In terms of our physical health, there are usually more measurable or observable signs of unhealthiness. Obesity. Fatigue. High blood pressure. Chronic pain. These more visible signs help us recognize our physical vulnerabilities and might redirect our choices and behaviors towards health. In regards to our mental healthiness, the signs are not usually outwardly observable, but the signs are there. Those signs are inward – our emotions, specifically the unpleasant ones. For example:
Misery tells us that our circumstances are painful and we should make a change.
Sadness makes us aware of needing to accept and integrate the reality of a loss.
Anxiety alerts us that we are potentially in danger and equips us to get out of harm’s way.
Guilt reminds us that what we did wasn’t right and needs to be fixed.
Regret reminds us that what we did wasn’t right, can’t be fixed, but we can try and learn from it.
These examples of how our emotions work to heighten our awareness of negativity and harm (just like physical symptoms) point to a natural connection where emotions also in turn provide the energy and motivation to move back towards health – if we are aware of our feelings and know what to do with them. Sometimes, like in the case of misery and guilt, the more unpleasant the experience, the more likely we are to make change. Emotional competency – recognizing our feelings and having the experience and skill to use them as they are intended, is an integral part of our overall mental healthiness. The corollary is that not being emotionally proficient leaves our problems unresolved, leading to stagnation, chaos and pain. In the same way that physical ailments that are not dealt with can lead to sickness, emotions that are not dealt with can also lead to illness as well, such as clinical depression or chronic anxiety.
Mindfulness (which I talk more about in this post) is the beginning of cultivating a greater emotional competency. This is because the core components of mindfulness are 1) being able to become more attuned to yourself, and 2) being able to redirect your own mental energy. This can be achieved through any practice where you rehearse these skills, such as Yoga or Tai Chi, formal practices such as guided meditation, or these days there’s even an app on your phone. Jon Kabat-Zinn, the psychologist who popularized mindfulness in the context of psychotherapy says:
“Mindfulness is often spoken of as the heart of Buddhist meditation. It’s not about Buddhism, but about paying attention. That’s what all meditation is, no matter what tradition or particular technique is used.”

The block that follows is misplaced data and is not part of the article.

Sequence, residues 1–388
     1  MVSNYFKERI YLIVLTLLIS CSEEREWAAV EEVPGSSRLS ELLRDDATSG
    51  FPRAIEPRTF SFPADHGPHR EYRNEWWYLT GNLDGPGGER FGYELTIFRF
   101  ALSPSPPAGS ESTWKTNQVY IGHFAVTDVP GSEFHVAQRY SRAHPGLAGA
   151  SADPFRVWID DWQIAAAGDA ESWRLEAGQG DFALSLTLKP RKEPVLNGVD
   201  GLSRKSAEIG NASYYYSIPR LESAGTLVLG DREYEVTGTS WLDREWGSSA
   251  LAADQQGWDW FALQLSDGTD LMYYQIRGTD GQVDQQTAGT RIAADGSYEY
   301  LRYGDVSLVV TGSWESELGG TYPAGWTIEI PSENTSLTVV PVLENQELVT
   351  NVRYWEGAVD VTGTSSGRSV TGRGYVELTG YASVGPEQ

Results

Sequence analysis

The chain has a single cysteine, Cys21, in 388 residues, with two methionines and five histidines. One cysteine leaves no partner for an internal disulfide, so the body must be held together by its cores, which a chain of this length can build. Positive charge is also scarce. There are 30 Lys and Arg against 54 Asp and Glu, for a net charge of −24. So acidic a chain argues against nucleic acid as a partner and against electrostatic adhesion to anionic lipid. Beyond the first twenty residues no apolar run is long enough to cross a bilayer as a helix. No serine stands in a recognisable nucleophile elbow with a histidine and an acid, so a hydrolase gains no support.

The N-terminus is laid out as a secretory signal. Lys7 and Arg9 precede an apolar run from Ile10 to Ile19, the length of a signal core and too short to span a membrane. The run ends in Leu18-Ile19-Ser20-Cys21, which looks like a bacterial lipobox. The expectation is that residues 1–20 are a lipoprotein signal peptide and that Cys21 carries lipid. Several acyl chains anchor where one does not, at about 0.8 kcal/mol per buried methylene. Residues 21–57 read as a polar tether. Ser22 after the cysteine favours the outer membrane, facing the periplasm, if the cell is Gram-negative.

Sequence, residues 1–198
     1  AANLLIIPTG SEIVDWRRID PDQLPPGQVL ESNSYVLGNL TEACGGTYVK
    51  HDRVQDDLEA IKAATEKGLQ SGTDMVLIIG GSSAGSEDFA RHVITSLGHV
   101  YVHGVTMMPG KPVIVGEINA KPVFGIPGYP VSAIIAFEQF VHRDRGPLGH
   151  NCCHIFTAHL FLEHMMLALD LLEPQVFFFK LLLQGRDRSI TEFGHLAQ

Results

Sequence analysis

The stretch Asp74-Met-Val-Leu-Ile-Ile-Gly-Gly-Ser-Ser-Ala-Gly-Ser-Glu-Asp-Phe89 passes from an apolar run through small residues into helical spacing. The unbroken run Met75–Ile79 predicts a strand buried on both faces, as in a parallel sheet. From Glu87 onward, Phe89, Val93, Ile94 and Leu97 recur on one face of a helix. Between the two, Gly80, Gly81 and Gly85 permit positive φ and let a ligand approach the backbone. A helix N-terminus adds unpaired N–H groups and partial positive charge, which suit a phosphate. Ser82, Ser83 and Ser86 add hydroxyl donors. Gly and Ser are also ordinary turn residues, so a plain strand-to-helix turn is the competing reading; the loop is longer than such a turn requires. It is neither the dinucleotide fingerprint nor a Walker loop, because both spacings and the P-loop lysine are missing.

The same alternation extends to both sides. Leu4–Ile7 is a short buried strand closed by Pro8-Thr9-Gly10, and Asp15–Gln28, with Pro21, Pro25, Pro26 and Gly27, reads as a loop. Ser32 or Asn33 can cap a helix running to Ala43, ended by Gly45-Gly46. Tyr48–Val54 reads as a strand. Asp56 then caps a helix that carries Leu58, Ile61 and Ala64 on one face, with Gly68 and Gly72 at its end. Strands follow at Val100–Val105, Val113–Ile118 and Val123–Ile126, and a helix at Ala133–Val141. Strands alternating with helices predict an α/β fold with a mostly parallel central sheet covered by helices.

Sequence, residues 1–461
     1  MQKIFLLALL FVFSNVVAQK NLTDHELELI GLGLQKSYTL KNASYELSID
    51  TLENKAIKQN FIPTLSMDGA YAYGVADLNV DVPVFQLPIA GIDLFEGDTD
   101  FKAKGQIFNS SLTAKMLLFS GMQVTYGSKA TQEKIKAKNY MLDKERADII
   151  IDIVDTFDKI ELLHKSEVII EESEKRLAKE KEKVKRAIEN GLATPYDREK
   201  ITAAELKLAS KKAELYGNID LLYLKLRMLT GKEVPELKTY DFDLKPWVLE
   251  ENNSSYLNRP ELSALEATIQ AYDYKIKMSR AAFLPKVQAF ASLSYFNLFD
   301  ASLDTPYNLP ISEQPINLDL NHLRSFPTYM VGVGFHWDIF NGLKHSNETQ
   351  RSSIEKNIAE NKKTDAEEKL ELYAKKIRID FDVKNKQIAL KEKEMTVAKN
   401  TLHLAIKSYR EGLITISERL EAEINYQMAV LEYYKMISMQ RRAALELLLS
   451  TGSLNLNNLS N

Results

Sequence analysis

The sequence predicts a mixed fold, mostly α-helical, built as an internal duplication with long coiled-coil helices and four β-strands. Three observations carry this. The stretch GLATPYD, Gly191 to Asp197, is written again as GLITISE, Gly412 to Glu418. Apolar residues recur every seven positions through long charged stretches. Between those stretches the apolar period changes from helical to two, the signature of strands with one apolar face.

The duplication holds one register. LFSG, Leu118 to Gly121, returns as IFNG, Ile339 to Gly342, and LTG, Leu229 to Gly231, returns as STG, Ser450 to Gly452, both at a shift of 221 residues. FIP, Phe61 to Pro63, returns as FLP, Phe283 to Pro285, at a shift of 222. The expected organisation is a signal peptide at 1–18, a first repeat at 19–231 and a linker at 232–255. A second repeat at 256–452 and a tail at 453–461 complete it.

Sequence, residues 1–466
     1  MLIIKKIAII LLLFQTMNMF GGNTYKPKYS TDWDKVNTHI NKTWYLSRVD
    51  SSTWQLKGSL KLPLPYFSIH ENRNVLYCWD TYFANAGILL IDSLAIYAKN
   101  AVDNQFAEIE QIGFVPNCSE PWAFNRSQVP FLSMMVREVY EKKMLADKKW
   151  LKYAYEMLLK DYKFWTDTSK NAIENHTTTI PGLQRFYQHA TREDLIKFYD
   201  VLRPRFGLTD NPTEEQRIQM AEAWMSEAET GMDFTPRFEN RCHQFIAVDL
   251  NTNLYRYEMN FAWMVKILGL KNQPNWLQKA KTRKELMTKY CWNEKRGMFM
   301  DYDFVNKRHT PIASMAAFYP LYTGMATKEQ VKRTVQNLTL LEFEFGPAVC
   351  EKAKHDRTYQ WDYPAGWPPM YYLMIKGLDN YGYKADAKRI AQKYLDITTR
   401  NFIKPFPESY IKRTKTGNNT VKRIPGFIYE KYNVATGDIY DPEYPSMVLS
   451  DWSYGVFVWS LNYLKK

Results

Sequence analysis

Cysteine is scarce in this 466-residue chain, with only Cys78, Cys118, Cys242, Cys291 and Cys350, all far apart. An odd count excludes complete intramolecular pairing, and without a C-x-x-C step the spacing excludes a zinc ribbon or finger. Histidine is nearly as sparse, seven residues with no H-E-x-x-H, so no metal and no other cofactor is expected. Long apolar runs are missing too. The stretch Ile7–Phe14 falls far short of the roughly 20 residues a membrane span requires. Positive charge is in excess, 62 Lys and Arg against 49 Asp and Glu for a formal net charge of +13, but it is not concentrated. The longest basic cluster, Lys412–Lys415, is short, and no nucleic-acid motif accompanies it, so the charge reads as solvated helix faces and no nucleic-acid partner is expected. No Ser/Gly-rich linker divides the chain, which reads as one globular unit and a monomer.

The more deliberate you are in your intentions to train your mind during these practices, the more effective the connections will be when you need to be more mindful later, such as an emotional moment when you feel overwhelmed or confused. When you are in a mindful state, you can make the connections between your feelings and thoughts more effectively. You can soothe overwhelming emotions. You can redirect your mental energy towards action. Like any form of training, it takes repetition and consistency to get a new behavior to start feeling “normal” but evidence suggests one can achieve long term benefits relating to mental focus (attention, reducing distractibility) and improved self regulation by practicing as little as 10 minutes daily for 8 weeks.
The last point to make is that unpleasant emotions are not “bad” emotions. Coming from an intuitive, self-learned perspective outside of traditional psychology, successful author and motivational speaker Tony Robbins teaches that “the secret of success is learning how to use pain and pleasure instead of having pain and pleasure use you. If you do that, you’re in control of your life. If you don’t, life controls you.” I also believe this to be true. As we develop greater self awareness, we may start to recognize how important our emotions can be in helping us with the needed energy, motivation, and direction towards positive change. If we do have negative experiences with these feelings, it is because of the unhealthy strategies we try and implement when we feel them. We stuff away our guilt. We try and distract ourselves when worried. We stagnate when miserable. We isolate when lonely. We let out our anger in places where it doesn’t belong. Well intentioned people who don’t like seeing us in such a state can reinforce these unhelpful strategies when we are told “don’t feel bad,” “don’t think about it,” or “cheer up.” If we could all see the value in our emotions, especially the unpleasant ones, we would be better equipped to manage the challenges that we face, and see that our emotions arrive at just the right time, with just the right tools to help us make meaningful change.